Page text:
I just saw these before and afters on the Facebook page, "I'm Fed Up With Ugly Churches" (My comments following the photos):
Oddly enough, I was a big part of the first renovation that began with a process dating to about 1979. I arrived as a newly ordained assistant pastor in 1980 and work began in 1981 with a change of pastors as the work began with the pastor who initiated this leaving a full two months before the pastor who inherited this came. It is Saint Teresa of Avila in Albany, Ga. Rambusch and Company was selected by the then pastor to guide the committee in making decisions. The stained glass windows above the altar while confusing, were designed and executed by Father Methodius of the Monastery of the Holy Spirit in Conyers, GA. These were made of exquisite glass and brilliant colors and had symbolic meaning. But these were not well received but certainly a vast improvement over what had been there which were fiberglass windows with circular wood chips embedded in it with a gold color. I hope the colorful windows were preserved in another forum on church property. They were quite expensive, a controversial work of art, but art nonetheless and a donated gift.
My greatest save, though, is the crucifix which was original to the church which was completed in 1958. Rambusch wanted it removed and a resurrection image of Christ to replace it. I convinced the committee to reject that!
To be honest with you, I loved and still love the screen behind the altar for the tabernacle. The tabernacle is behind the sliding gold doors which we kept closed for Mass but open when Mass was not in progress which was the majority of the time. The tabernacle, not photographed, was quite beautiful and could be opened on either the front or the other side and there were chairs behind the screen for a more intimate experience of praying before the tabernacle.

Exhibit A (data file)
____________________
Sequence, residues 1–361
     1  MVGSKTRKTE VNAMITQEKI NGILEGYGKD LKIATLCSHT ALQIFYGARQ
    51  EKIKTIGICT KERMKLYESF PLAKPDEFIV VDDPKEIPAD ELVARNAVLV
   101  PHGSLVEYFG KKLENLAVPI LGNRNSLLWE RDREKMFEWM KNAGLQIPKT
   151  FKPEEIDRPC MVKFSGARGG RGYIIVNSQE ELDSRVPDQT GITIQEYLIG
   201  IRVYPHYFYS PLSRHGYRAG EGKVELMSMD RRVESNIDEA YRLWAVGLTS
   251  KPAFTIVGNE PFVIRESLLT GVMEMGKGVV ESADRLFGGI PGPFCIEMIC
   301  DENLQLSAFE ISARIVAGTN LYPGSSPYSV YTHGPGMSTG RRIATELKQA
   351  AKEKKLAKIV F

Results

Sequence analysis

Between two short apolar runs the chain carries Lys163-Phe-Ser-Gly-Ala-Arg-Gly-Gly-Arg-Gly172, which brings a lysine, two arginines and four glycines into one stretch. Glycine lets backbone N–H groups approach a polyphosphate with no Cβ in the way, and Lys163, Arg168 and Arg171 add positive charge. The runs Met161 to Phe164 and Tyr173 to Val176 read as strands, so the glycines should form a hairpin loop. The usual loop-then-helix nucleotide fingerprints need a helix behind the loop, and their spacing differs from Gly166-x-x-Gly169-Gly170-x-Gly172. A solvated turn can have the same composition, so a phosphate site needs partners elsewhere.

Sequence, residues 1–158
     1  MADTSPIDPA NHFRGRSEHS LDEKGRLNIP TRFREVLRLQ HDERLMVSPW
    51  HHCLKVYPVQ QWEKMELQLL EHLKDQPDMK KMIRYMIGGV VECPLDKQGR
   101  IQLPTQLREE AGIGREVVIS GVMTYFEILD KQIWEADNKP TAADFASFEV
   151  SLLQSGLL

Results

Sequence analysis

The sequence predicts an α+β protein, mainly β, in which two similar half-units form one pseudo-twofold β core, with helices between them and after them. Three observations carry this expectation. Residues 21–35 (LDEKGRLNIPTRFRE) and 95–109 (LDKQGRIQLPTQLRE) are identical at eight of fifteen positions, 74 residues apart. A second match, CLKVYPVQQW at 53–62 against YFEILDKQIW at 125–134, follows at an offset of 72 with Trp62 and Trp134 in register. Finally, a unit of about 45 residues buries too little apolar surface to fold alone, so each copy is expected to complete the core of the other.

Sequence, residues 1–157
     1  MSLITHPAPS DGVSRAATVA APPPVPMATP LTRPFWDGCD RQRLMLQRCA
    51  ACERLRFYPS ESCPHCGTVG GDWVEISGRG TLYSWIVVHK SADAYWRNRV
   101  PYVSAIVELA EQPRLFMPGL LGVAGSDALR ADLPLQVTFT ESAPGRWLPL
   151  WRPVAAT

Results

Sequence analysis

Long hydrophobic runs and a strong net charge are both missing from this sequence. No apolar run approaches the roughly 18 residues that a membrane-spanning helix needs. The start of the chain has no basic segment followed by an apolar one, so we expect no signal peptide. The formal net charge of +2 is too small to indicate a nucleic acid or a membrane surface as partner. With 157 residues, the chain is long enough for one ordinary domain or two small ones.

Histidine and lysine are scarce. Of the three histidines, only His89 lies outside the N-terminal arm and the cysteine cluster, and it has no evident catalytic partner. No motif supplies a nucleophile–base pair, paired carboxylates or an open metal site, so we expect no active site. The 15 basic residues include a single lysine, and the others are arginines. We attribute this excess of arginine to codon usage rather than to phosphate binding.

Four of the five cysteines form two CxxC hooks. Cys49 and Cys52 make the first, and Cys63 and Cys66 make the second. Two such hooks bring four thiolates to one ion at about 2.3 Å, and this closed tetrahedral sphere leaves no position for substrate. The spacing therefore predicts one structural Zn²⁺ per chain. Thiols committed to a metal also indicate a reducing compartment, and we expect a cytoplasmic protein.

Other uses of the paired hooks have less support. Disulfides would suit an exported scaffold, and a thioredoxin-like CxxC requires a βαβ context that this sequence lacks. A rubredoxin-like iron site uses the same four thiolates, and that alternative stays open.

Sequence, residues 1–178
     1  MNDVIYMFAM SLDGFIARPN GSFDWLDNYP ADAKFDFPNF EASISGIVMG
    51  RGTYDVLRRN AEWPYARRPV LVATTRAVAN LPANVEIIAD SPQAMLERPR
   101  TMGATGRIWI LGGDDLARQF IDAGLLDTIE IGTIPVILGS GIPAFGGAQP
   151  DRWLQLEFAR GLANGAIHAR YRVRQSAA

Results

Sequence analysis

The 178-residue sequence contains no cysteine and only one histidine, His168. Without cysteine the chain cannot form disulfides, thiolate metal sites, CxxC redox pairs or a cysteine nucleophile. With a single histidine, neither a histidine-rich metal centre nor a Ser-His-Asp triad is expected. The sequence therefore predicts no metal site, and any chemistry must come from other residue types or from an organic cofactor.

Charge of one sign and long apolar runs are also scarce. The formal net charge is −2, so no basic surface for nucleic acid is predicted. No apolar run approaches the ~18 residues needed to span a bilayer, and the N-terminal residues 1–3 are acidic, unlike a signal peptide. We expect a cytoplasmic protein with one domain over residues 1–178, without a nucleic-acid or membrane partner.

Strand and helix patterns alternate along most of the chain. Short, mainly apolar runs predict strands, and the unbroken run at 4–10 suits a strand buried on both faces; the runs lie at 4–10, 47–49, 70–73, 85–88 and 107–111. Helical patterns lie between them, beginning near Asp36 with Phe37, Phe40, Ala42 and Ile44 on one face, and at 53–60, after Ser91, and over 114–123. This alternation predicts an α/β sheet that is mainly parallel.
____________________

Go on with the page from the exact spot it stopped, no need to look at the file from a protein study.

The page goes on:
While the old altar from a convent is quite beautiful, I think the original screen designed by rambusch and costing about $20,000 (1980 dolloars to include the tabernacle) complimented the architecture of the church.
Prior to this renovation, the tabernacle had been placed on a side altar and the priest's chair was directly behind the altar. I thought the screen with the sliding golden doors was a marvelous solution to hiding the tabernacle during Mass but exposing it otherwise given the ethos of the 1980's to rid the tabernacle altogether from the nave of the Church or have it shunted to the side.
Unattractive clash of styles.
Although not ideal, it is far better than the look of the before!
I am not a fan of the original style but it can be made Catholic consistent with its architecture. The second looks mismatched, a clash of styles, as Fr Kavanaugh wrote.
rcg - Is there a "Catholic style" of architecture or interior decoration?
Yes, the Benedictine arrangement says Catholic. The other arrangements are “catholic light. “ please no more, de gustibus, etc, we’ve heard it all before. It’s not a compelling argument
After staring at this for awhile, I agree with the others, it's a bit of a clash. For its era, I did not think the before was bad btw. With all the churches that have closed, it is a shame they either could not have located, or, decided against repurposing fixtures more appropriate to the style of this building.
I don’t have the pre Vatican II look which was traditional and nice with altar railing. After V2 they only pulled the altar away from the wall and put a horrible throne like chair behind it and of course the tabernacle moved to Mary’s side altar.
The problem with the before is that it is very horizontal. Even though the new high altar clashes it does have the vertical look which is more appealing. I wonder if more work is intended to make the sanctuary a bit more harmonious. Although as we know you can have a Gothic style church with a baroque altar.
Style is probably incorrect. But statues of the Saints, the Blessed Mother and the altar arrangements show a Catholic worship space unique from Protestant architecture. There are even proportions not currently observed but present in older churches.
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